We’re on the sixth slideshow when my roommate, Emily, leads her team to the front of the auditorium. The mostly-female team are all wearing the shapeless, colorful dresses that they wore for their week in a Central Asian village. This, along with covering their hair and serving the three men who accompanied them, was their homage to their hosts, most of whom had never met a Christian before.
It’s M-Trip Sunday today at Black Forest Christian Fellowship, the day on which the 70 students and 15 leaders from the spring break mission trips give reports in the service of their weeks around the world. By the time the Central Asia team takes the stage, I’ve already stood in front, wearing my orange Habitat for Humanity t-shirt and stucco-speckled jeans as our students shared about the provision of safety and fellowship during our week in Romania.
As I listen to the students today, I’m struck by both the variety and the similarity of our weeks in six different countries. Some went with boldly evangelical missions, preparing dramas and Bible studies to share with children in Italy and Belarus. Others went to “closed countries,” where to speak the name of Jesus at all was forbidden. Some were teaching, others building. We went to three continents–Europe, Africa and Asia–and took with us 85 different sets of expectations for what the weeks would hold.
Yet this morning I’m struck more with the similarities of the trips than their unique differences. As slideshows reveal that kids in every country like to jump rope and blow bubbles, I hear the students say, again and again, that what was most meaningful and important each week was the relationships they were able to build with one another and with those they’d come to serve. No matter what the “project” that had brought them to Tanzania or Slovenia, Romania or Belarus, the students were impacted by this opportunity to share the love of Christ the best way they know how, by loving His people.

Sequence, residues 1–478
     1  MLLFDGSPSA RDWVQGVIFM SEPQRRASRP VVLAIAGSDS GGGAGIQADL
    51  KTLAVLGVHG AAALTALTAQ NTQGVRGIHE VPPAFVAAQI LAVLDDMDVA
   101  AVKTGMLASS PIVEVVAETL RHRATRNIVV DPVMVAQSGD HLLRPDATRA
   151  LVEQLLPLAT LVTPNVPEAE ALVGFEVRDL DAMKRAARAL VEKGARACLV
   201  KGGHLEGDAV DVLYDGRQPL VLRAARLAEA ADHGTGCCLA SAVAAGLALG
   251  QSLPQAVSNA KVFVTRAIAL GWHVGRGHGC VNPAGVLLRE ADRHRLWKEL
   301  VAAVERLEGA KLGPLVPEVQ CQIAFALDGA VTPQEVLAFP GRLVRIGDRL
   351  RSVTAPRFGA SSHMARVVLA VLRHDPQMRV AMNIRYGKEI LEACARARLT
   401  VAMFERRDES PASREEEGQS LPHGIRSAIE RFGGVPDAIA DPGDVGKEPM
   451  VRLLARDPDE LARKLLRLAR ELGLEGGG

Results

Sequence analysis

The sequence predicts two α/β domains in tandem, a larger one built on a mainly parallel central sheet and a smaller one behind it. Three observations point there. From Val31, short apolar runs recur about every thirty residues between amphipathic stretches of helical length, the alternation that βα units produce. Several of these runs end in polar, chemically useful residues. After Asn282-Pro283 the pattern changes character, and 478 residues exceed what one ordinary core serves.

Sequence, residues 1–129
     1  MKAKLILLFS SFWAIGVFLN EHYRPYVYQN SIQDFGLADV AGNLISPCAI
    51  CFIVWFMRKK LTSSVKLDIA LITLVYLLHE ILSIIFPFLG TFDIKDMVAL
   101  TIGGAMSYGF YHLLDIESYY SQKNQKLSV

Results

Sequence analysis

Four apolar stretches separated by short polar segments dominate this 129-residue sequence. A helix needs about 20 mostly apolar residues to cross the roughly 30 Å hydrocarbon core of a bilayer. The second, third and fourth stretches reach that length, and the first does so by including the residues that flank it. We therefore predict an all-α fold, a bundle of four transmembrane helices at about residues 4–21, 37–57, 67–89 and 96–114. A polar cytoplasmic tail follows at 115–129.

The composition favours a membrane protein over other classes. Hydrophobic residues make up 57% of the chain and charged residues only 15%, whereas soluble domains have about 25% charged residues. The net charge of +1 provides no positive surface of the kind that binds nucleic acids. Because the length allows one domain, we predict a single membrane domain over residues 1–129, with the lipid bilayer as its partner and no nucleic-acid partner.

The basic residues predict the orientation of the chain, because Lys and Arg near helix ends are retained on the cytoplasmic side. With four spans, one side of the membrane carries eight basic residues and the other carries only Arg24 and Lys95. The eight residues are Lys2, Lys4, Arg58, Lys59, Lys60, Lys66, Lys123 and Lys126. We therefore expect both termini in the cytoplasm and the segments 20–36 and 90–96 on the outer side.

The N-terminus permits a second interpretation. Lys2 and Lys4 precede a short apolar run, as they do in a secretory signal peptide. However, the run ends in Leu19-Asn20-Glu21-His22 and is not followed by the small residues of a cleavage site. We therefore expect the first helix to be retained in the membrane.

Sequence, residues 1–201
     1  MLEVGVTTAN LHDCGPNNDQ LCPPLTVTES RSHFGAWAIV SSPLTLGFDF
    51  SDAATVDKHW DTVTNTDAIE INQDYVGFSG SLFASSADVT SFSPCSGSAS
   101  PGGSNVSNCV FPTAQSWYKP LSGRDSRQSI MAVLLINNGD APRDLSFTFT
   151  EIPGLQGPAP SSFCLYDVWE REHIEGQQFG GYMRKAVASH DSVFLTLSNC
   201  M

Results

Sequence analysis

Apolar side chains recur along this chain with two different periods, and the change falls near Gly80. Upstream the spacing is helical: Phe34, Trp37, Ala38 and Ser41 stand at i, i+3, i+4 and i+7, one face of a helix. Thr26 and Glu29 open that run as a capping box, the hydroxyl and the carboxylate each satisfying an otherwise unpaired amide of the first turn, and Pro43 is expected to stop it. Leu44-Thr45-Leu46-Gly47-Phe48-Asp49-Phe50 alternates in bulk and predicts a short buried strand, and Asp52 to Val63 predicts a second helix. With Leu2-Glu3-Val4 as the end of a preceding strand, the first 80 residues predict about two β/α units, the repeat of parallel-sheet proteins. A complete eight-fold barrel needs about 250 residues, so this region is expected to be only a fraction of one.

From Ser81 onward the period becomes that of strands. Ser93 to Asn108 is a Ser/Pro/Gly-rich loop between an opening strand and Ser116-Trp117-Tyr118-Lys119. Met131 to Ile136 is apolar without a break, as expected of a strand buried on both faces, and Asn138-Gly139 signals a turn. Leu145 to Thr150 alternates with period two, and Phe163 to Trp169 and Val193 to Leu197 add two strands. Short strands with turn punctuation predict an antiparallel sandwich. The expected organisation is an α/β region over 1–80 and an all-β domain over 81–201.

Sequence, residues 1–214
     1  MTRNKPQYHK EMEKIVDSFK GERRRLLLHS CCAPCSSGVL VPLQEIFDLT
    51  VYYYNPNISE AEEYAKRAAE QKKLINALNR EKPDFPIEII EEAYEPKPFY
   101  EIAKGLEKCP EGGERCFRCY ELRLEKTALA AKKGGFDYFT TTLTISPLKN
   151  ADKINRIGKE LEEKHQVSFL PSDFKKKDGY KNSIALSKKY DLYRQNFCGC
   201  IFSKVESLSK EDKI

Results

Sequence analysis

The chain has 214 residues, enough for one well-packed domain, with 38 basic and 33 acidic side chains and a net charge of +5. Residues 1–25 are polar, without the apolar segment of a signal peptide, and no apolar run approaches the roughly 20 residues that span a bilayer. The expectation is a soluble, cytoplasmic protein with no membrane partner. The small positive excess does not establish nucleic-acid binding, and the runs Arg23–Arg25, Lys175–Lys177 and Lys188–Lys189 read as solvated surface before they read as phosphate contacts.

I was sixteen the first time a short-term mission trip took me to a foreign country. Bethany Community Church sent twelve people to San Jose, Costa Rica, where we spent the week building relationships with a community of believers there and, most of the time, doing the backbreaking labor of building a church from concrete, rebar and cinder blocks. I remember the Costa Rican pastor, during our last meal together, sharing that with the money we’d raised to fly twelve people from Seattle to San Jose, we probably could have hired people to finish the project. Discouraging thought to my sixteen-year-old self. But he continued, saying that in the end, this was better, this fellowship of believers coming together to know one another, reflecting the love of Christ that knows no language or cultural barriers.
This is what I hear from our students as they return for the last six busy weeks of school. It was amazing, they say, so see the God is everywhere, working in grander ways than we could ever have imagined. Even though many of our students have grown up away from what we call their “passport countries,” most of them come back impressed by the international nature of the body of Christ, delighted to see that whatever the differences of language and culture, they are joined by a more important bond of shared love for their savior, Jesus.
Thank you to all of you who make this ministry possible, for your prayers and support that enable our students to take these journeys of faith as they grow towards maturity.